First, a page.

They compared my story with my visa notification and the other documents I had with me and then informed me about my rights. Looking through my papers, they reminded me that I wouldn't be allowed to work in Australia with a Business and Tourism visa.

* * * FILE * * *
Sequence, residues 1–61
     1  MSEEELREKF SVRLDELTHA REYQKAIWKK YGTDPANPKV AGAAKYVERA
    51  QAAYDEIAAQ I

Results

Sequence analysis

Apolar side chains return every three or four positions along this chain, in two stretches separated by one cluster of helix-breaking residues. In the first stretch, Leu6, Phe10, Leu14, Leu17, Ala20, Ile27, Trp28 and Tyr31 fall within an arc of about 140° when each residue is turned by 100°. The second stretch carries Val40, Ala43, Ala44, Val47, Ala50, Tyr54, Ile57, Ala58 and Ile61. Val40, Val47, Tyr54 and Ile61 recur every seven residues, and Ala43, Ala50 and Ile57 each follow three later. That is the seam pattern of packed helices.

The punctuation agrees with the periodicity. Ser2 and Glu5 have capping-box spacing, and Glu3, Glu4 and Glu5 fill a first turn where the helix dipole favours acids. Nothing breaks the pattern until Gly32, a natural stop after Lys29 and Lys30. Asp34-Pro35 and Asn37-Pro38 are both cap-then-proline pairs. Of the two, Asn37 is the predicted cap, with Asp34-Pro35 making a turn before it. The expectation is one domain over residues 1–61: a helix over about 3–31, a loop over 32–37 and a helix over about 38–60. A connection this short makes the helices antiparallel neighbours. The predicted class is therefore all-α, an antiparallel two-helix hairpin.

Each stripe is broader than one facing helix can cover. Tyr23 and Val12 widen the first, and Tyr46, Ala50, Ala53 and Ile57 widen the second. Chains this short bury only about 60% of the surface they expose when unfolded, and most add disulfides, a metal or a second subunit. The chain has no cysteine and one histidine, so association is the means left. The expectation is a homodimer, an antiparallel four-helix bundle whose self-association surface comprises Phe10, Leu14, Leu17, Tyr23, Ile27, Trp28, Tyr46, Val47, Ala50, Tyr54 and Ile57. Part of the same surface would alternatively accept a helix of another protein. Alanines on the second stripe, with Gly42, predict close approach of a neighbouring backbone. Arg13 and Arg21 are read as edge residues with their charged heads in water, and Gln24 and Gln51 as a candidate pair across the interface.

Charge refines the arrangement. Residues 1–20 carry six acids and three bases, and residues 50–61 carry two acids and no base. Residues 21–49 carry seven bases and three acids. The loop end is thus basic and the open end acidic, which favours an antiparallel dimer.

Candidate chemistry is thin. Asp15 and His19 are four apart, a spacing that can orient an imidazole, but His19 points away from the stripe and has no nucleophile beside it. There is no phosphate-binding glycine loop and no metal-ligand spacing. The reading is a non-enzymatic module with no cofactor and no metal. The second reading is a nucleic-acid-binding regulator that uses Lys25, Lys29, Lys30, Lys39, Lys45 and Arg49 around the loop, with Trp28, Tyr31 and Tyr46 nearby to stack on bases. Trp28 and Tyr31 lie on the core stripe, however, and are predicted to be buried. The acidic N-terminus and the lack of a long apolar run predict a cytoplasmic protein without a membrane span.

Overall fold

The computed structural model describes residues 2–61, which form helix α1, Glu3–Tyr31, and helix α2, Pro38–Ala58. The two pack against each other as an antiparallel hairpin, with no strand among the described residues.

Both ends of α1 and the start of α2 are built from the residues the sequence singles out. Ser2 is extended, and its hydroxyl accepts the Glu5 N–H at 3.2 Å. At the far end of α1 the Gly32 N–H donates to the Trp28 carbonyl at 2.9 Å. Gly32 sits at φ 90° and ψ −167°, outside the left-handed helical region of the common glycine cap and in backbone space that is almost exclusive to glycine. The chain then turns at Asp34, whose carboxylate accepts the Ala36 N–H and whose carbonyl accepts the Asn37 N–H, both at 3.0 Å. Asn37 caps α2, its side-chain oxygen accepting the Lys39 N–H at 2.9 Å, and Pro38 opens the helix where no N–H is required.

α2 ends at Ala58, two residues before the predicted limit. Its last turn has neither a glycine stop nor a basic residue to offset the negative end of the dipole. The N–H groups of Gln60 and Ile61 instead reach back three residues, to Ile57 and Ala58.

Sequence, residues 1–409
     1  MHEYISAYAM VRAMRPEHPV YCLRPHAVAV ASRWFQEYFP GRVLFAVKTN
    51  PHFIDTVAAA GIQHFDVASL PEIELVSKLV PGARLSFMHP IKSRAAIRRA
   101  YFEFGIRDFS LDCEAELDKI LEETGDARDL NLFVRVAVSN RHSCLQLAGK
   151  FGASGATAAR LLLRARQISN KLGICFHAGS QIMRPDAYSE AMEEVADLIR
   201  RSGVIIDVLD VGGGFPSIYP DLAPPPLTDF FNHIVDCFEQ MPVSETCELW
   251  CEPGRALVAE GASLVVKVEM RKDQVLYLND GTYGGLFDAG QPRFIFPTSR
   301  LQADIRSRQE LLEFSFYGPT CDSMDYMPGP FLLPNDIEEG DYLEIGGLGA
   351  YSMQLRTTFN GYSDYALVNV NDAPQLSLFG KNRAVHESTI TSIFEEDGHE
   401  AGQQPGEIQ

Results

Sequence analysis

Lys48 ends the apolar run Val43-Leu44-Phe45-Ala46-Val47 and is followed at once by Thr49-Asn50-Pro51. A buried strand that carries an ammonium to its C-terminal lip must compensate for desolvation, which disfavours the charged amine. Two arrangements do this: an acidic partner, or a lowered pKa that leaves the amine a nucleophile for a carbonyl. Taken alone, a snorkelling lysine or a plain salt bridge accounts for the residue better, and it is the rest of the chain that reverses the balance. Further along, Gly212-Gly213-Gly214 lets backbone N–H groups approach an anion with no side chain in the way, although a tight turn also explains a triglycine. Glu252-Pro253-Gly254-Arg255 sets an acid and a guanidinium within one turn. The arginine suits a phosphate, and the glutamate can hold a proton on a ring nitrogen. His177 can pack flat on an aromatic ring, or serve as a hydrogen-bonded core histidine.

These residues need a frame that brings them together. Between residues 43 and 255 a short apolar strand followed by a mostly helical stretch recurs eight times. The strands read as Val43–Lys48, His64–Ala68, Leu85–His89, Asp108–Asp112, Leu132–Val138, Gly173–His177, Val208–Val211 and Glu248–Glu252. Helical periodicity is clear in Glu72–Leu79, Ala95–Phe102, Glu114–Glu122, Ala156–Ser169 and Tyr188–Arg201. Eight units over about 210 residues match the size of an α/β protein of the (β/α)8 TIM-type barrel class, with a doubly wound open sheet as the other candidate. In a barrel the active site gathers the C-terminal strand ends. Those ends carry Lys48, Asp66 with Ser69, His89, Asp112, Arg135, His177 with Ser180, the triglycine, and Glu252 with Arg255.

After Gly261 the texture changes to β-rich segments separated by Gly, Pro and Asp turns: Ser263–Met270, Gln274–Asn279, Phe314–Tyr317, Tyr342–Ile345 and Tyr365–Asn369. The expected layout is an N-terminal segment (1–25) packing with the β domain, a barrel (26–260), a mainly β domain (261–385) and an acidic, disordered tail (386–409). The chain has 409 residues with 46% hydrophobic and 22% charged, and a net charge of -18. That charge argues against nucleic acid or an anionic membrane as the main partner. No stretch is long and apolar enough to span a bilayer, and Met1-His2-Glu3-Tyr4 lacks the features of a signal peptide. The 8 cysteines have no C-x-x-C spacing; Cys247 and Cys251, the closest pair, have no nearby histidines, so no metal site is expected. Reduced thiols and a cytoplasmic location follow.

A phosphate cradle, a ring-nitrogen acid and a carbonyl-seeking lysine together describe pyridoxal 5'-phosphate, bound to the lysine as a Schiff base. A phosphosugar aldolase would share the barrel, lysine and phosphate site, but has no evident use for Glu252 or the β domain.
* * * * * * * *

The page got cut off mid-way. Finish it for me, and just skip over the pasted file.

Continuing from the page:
As I told them about my intentions to get a job in a kitchen they once more emphasized on the illegitimacy of this and any tantamount goal. It appeared almost generous as they allowed me to use my knife in a private kitchen; I didn't even have to apply for rituals of that sort(or maybe I would have to and they had their lenient night,.. who knows). Since there was no illegal substance in any of my bags the bag check sooner or later had to end. When they were ready it was fairly tardy and I thought it a good idea to simply take my bags, move on and get out of the airport. Unfortunately, the meticulous bag check was not the end of this incomparable airport experience. As I mentioned, I couldn't answer all their questions (which made me a suspicious person it seems). That's why they called their colleague from the Department of Immigration and Border protection who fairly soon arrived. Like all the officials in the hall this guy was also very polite and friendly and, how could it be different, even he had a couple of questions for me. He asked me to take my bags and follow him. After that we went to his office. There he offered me some water and cookies(he called them biscuits and they weren't vegan), left the room and asked me to wait. After about 15 minutes we had a nice conversation. We talked about my career, my past life, my family(in particular my family in Australia), my occupation as a creative artist and whatever else I did the last thirty-one years. As far as I remember, we didn't talk about my favorite sex position or the PIN-Code of my credit card, 'though I am not sure about the latter. He made some notes and after a while of polite and serious small-talk he informed me about the bus that would bring me to the city (honestly, I was thankful for that information). After he unleashed me, I jumped on the Skybus and while contemplating the last few hours realized having arrived in the fairyland I wanted to see for years. Eventually, the entire process at the airport wasn't necessarily intimidating; it clarified that Australia is a very organized, safe country where nothing happens by chance. My first dialogue with the officials of the airport was not half as embarrassing as expected and finally good exercise for every alternate conversation. The Skybus drove for about twenty minutes and then released me at the train station in Melbourne from where I would easily reach several hostels. By the way, they don't call them hostels, the Australians call them backpackers. Needless to ink out, it wouldn’t be the last adventurous to and fro of my journey and what the officials at the airport already demonstrated on their metal table turned out to be a fundamental rite not only for airport officials but for invigorated travelers in Australia: Bagpacking (in backpackers)